Cheers erupted Friday evening at Bachman Hall as its doors are locked for the weekend, but this time the kia‘i (protectors) are on the outside of that door.
After 117 days of occupying the longest sit-in in the history of the University of Hawai‘i, students and faculty packed their belongings and made the final exit from Bachman Hall. All of the scattered futons, bookshelves, fridges, tables, and clothes draped across the stairwell rail since August – gone.
Hawaiian Studies major Kaulana Stanley, who is one of the several occupiers to join the sit-in since day one, took a deep breath to reflect on his time spent at Bachman.
“I’m leaving this space with a heavy heart, but I’m proud to leave this place with my head high, while trying to understand what we, the kia‘i, have done here,” Stanley said. “It is not just an impact to us, it is an impact to the community.”
The construction of the $1.4 billion Thirty Meter Telescope on Maunakea, sparked outrage throughout the community. In retaliation, the kia‘i on Maunakea have camped near access road to stop the construction since it was slated to begin in July. In solidarity, the kia‘i at UH Mānoa demonstrated a sit-in, which has a historic reputation as a peaceful protest.
Within the four months, Bachman occupiers have met with the Board of Regents once and UH President David Lassner three times to persuade them to retract their support of TMT. But UH administration did not pull away from the project, thus creating frustration early on during the sit-in.
“When we met with them (BOR), we were really just shocked by their lack of empathy, and they didn’t believe that the TMT is a real issue that the Hawaiians are facing, and it forced us to take a step back and strategize,” Hawaiian Studies graduate Tiele-Lauren Doudt said.
Though some of the kia‘i said that they have a complicated relationship with the UH administration, but they said they are happy to have built some sort of relationship. Before leaving, Vice President for Administration Jan Gouveia tearfully embraced one of the kia‘i.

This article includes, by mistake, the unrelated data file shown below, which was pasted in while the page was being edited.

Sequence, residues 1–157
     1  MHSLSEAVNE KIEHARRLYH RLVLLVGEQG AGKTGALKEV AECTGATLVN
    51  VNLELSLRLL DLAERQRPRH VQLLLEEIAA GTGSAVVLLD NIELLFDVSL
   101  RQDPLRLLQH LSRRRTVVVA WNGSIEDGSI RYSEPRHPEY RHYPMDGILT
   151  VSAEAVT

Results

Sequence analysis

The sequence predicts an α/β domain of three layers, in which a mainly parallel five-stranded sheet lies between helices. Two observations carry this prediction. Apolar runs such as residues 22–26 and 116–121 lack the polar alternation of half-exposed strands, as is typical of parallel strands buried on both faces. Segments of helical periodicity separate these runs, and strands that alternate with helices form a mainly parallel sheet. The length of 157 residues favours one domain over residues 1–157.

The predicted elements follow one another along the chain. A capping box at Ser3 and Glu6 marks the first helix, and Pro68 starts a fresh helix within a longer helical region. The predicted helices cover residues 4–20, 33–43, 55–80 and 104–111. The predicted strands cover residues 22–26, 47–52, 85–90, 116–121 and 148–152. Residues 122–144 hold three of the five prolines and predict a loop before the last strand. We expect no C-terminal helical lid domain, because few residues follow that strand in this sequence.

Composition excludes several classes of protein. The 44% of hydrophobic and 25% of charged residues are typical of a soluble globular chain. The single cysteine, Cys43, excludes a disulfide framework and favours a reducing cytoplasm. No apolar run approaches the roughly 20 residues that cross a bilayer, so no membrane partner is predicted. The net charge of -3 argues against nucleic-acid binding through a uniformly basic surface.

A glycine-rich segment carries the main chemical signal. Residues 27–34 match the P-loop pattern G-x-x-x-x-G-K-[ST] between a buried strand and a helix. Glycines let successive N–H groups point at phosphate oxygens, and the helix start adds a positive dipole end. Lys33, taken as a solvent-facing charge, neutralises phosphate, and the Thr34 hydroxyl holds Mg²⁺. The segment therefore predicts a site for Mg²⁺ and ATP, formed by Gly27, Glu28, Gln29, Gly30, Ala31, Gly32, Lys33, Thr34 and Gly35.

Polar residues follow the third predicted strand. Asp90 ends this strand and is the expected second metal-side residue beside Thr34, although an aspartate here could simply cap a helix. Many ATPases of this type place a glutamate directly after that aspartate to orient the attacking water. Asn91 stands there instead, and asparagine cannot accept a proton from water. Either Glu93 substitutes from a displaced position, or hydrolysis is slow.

Lassner was unavailable for comment before the article was published, however he performed the last ‘Aha (ceremony) with the kia‘i Friday morning.
The Bachman occupiers performed 300 protocol ceremonies this semester to honor the kia‘i on Maunakea.
At the 12 p.m. ‘Aha, over 50 students and faculty performed at the John Henry Wise Field in front of the ahu, which was built in 2015 relating to the same issue of Maunakea, to honor the kia‘i currently protesting on the 13,000-foot mountain.
Surrounding the ahu are a barricade of ke‘a, which are the bamboo infrastructures surrounding the ahu. The names on the ke‘a are all 38 of the kupuna (elders) arrested over the summer when the TMT issue began.
Toward the end of the ceremony, the kia‘i enclosed the ke‘a to the ahu, noting that they are taking time to reassess their strategies moving forward.
‘Aha was not the only protocol, it was also the lock-in. Since October, the UH administration initiated a lock-in due to expressed safety and weather concerns from the kia‘i. Every Friday evening, the doors would be locked until Monday morning.
But on the last day of the sit-in some of the kia‘i said they will never forget this experience. As they watched the doors shut they embraced one another, thus, forgetting about the last kia‘i who was locked in by accident today but later only released in second from the Department of Public Safety.
When asked if he would to this again, graduate student Jonathan Fisk said “in a heartbeat.”
I feel tired and nostalgic,” Fisk said. “Especially as we’ve been moving stuff out this place looks more like how it started. It’s this weird way to where it’s turning to what it was but we’re returning to how it was but we’re in a very good place now.”
"I’m a little sad because tomorrow morning, I’m not going to wake up next to my ohana.”
READ MORE ON THE BACHMAN HALL SIT-IN